Basque Music Collection - Volume 5: Francisco Escudero
The Basque-born composer Francisco Escudero, a great admirer
of Ravel, studied in Paris. He was born in San Sebastian on 13
August 1912 and studied at that city’s Conservatoire. His
next academic stage involved a move to Madrid supported by bursaries
from the regional government of Guipuzcoa. Madrid’s Royal
Academy supported Escudero in studying with Paul Dukas and Paul
le Flem in Paris. Later still he worked on conducting technique
with Albert Wolff in Munich.
In the present set two tone poems flank a symphony, two concertos
and an oratorio. El sueño de un Bailarín
subtitled Poema coreográfico
. It is his earliest
work in the set and its exuberance reeks of Florent Schmitt and
music. A couple of years later Escudero delivered
the glitter and sparkle of his piano concerto - the Concierto
para piano y orquesta. The display elements are off-set
by the gentle middle movement. The Cello Concerto
a quarter century later. The language now is quite acerbic, the
mode of expression succinct. Brilliance is still there but it
is accommodated among a measure more dissonance than the works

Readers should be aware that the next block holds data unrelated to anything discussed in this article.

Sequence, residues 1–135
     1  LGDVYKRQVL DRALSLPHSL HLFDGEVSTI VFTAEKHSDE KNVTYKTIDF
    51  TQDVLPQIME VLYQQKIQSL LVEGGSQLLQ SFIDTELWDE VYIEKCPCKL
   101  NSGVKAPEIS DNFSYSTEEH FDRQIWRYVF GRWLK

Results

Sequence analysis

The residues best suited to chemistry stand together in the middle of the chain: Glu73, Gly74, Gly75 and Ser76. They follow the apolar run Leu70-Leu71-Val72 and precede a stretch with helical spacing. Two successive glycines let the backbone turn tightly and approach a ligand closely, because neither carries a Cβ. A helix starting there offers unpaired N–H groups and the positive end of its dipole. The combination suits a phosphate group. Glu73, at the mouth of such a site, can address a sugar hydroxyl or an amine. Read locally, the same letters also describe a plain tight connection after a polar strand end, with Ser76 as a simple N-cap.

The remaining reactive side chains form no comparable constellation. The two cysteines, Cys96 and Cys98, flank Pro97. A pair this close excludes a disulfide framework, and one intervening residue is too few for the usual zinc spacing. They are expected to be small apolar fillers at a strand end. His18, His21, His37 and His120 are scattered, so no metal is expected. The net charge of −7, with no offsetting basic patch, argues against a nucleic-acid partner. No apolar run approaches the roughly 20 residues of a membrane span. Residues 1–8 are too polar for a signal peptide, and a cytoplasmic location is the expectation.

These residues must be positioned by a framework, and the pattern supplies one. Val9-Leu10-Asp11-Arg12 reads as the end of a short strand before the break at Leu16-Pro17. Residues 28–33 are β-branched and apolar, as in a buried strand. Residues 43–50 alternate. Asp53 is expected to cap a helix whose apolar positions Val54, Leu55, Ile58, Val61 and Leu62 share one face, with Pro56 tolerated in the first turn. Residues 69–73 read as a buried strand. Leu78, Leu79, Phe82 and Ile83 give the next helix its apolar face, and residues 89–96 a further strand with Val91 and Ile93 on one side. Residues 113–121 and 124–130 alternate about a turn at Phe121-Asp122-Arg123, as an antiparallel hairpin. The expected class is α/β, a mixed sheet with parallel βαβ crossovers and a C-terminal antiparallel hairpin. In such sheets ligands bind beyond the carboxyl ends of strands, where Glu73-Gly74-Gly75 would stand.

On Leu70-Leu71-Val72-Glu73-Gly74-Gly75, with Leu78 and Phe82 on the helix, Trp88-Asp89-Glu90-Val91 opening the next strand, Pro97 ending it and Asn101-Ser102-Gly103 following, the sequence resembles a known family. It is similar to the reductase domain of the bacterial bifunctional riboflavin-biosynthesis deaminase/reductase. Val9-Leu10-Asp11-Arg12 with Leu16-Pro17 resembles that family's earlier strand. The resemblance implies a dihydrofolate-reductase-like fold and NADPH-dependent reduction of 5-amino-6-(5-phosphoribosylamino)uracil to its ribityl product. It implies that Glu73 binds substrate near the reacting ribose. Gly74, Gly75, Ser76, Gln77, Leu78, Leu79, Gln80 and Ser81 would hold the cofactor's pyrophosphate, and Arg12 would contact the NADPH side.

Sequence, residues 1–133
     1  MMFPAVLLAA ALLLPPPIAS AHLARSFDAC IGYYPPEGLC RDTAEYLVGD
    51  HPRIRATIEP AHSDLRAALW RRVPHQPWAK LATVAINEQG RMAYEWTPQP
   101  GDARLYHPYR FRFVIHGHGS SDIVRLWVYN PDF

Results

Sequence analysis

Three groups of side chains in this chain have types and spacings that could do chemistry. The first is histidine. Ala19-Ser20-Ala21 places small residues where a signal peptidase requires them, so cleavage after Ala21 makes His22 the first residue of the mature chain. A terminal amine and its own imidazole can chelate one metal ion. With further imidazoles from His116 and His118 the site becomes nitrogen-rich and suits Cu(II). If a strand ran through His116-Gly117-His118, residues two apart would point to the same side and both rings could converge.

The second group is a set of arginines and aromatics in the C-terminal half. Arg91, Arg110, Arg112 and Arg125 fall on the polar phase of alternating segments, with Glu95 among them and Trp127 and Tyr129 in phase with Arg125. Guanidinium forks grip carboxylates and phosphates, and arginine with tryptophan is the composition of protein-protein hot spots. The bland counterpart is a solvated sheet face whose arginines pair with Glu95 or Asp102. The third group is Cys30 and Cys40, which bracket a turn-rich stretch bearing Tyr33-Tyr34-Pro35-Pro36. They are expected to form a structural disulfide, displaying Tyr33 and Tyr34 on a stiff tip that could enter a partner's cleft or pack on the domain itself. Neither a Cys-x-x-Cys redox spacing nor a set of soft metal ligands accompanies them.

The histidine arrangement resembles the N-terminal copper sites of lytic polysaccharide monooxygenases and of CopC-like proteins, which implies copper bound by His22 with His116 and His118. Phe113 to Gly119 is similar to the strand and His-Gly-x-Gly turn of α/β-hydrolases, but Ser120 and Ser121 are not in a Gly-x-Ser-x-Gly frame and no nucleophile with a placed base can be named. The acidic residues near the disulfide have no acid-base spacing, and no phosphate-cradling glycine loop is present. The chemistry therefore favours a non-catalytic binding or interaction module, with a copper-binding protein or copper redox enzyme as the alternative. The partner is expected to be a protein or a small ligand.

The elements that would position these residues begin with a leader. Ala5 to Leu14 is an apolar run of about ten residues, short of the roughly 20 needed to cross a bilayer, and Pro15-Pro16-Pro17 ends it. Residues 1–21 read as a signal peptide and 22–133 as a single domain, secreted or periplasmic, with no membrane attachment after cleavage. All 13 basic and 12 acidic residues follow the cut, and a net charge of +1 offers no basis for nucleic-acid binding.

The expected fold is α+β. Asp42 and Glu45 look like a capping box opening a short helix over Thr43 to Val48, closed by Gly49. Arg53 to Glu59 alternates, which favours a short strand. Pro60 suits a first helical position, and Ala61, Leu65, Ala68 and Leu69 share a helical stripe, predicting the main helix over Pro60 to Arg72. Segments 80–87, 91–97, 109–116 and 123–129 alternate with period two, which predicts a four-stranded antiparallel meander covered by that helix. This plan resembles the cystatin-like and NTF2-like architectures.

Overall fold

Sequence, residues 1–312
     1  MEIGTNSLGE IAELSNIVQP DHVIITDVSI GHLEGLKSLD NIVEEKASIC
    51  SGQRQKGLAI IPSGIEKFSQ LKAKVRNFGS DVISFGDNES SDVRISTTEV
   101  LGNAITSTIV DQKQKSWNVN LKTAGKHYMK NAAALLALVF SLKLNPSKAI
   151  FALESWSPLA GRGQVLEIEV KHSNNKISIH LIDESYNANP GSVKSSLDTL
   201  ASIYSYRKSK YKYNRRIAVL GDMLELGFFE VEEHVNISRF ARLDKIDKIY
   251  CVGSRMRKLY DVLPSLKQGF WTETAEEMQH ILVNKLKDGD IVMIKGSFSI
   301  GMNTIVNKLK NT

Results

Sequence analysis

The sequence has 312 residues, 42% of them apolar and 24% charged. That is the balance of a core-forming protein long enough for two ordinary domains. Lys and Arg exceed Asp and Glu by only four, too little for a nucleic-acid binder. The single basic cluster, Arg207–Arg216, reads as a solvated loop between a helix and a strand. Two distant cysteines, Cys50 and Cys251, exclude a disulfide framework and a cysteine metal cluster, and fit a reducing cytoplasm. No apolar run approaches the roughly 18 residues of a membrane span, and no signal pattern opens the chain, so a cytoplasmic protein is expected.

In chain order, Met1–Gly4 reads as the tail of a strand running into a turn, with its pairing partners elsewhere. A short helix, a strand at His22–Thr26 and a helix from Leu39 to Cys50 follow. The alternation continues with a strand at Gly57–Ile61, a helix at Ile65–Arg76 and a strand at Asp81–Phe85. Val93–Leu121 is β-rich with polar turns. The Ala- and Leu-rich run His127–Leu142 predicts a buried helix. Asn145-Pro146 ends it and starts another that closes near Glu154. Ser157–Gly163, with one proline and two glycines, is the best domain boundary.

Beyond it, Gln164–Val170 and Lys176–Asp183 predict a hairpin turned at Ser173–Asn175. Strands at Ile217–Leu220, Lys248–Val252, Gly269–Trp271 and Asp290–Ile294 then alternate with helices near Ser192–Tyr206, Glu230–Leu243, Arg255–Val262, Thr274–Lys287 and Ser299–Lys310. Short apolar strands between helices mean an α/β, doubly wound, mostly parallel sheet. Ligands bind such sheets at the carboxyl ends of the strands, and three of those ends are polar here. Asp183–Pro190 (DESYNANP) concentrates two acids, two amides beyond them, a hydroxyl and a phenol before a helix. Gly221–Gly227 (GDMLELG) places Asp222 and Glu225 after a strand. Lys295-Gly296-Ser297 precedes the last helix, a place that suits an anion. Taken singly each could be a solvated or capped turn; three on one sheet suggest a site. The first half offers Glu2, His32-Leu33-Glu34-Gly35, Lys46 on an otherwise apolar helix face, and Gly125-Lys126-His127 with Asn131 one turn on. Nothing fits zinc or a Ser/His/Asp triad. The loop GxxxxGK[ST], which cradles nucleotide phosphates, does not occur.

of the 1940s delivered. On the second CD we hear the Sinfonia
which continues the line of dissonance. This is a work
carrying the burden of scorching anguish. As such it is at times
reminiscent of Penderecki in its rasping engagement with conflict.
The Finale (crucifixion) is memorable music of great beauty and
ultimately of peace. The even later oratorio Joan Bautista
the dissonance but adds Orff to the list of influences. .The
tone poem Aranzazu
is more approachable and harks back
the Escudero’s idiom of the 1940s.
Volume 8 - Tomás Garbizu
Tomás Garbizu Salaberría was born 12 September
1901 in San Sebastian and died in the same city on 27 November
1989. He had taught organ there for some three decades. Garbizu
left behind a prolific collection of works: a great deal of sacred
and choral music, songs, organ music, oratorios and zarzuelas.